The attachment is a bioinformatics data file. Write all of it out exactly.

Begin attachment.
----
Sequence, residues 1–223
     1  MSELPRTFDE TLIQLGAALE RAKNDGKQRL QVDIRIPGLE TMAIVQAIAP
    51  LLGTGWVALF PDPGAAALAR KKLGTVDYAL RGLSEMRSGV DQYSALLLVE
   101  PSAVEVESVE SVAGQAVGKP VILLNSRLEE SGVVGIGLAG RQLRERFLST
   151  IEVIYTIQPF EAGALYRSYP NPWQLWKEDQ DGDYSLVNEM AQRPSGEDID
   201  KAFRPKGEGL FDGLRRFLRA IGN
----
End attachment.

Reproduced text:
Sequence, residues 1–223
     1  MSELPRTFDE TLIQLGAALE RAKNDGKQRL QVDIRIPGLE TMAIVQAIAP
    51  LLGTGWVALF PDPGAAALAR KKLGTVDYAL RGLSEMRSGV DQYSALLLVE
   101  PSAVEVESVE SVAGQAVGKP VILLNSRLEE SGVVGIGLAG RQLRERFLST
   151  IEVIYTIQPF EAGALYRSYP NPWQLWKEDQ DGDYSLVNEM AQRPSGEDID
   201  KAFRPKGEGL FDGLRRFLRA IGN